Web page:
Sole design is another design characteristic where hybrids make life much easier.  Traditionally a blade iron has a very narrow sole to accommodate a proper iron swing where at impact the hands are ahead of the ball, the ball is struck and the divot taken.  Over the last number of years the soles of clubs have gotten wider to accommodate the reality of an average golfer’s swing.  Most golfers are not able to produce this “perfect” impact position.  In fact, the vast majority of golfers have a degree of “scooping motion” going on at impact, where their hands are behind the ball.  It is actually more of a sweeping motion where having a narrow sole could cause a digging motion and that is why we are seeing more of today’s irons with wider soles.  The hybrid sole is much wider to alleviate this problem.  The sole of the hybrid club is able to travel along the turf thereby reducing or even eliminating any digging tendencies.

Another major advantage of a hybrid design is the ability of the designer to place the center of gravity lower in the club head and further away from the face of the club.  There are two big advantages to being able to do this.  First, a lower center of gravity means the ball will launch higher initially and the ball will carry further.  This is one of the reasons golfers can establish proper gaps that they did not have with their long irons.  The second advantage is for golfers who tend to have lower swing speeds and have difficulty getting a nice high ball flight.  By creating a higher ball flight, hybrids can often give these golfers more distance without loss of accuracy.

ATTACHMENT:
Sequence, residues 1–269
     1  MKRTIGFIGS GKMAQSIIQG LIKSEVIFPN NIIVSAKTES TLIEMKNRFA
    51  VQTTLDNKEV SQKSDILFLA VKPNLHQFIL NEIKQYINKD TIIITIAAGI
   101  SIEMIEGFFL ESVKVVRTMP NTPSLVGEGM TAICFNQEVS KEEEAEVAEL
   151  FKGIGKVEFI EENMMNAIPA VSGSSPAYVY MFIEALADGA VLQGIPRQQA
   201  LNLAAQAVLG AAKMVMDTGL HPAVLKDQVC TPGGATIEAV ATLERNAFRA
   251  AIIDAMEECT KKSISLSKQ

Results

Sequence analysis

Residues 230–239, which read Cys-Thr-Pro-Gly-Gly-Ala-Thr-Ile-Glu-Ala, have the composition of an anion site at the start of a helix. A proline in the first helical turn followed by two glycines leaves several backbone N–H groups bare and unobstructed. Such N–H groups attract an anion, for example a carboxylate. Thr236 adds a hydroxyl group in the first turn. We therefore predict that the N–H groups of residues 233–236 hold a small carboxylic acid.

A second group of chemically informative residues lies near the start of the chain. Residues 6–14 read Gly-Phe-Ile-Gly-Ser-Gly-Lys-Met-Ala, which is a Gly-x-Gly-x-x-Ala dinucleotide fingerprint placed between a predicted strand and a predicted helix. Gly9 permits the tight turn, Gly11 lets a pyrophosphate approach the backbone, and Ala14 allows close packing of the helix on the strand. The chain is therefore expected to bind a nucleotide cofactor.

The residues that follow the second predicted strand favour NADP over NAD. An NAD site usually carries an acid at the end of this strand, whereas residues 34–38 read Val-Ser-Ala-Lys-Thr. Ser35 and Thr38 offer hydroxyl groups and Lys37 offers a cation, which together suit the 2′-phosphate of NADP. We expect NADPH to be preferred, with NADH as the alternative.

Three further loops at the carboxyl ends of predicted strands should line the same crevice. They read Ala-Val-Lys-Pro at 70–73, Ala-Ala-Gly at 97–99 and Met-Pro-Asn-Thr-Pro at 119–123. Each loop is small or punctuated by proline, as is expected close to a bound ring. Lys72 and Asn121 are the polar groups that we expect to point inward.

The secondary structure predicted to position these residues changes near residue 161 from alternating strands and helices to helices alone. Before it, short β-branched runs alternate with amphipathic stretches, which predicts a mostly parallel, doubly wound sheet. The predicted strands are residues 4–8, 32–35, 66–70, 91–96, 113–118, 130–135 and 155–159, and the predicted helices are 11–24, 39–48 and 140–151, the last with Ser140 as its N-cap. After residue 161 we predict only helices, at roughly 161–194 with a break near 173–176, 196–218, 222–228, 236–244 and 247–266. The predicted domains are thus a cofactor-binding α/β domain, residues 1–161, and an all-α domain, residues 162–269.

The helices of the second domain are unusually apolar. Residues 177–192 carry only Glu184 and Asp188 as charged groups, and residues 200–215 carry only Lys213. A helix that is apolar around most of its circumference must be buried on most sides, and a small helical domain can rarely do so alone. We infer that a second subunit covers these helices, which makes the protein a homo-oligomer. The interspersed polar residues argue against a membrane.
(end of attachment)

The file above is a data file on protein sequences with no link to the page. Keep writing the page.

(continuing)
One last design characteristic I would like to discuss is the shaft.  Typically hybrids take an iron shaft, which means the tip of the shaft is either .355 or .370 inches in diameter.  For the average player and, I would say, even for most players a graphite shaft is the best option.  The lighter weight of a graphite shaft allows the clubmaker to put in a slightly longer shaft in a hybrid compared to an iron.  This combination of a lighter overall total weight and a longer length often leads to a higher club speed which will lead to longer hits.  It is this factor combined with the lower center of gravity that allows the golfer to create better gapping in his long irons using hybrids.  The other advantage to graphite shafts is the fact that depending on the individual golfer’s swing there is a graphite shaft that will fit the bill.  Whether you need a low launch, mid launch or high launch shaft, a lower spinning or a higher spinning shaft, there is one that will match your particular swing.

Hybrids have been a very welcome addition to the golfing world and can be a great addition to your bag.  However, having fitted hundreds of golfers I can tell you that everyone is different.  For many golfers hybrids are perfect but for some hybrids are not the answer.  For whatever reason, they do not hit them well.  Some people may hit higher lofted woods better than anything.  I have customers who have woods going all the way to a #15 wood.

Many golfers are so successful with their hybrids that they no longer carry any woods, in fact for some the whole set is hybrids.  The point is we are all different.  So, to find out if hybrids would work for you visit a professional clubfitter and determine if hybrids may be the answer for your game.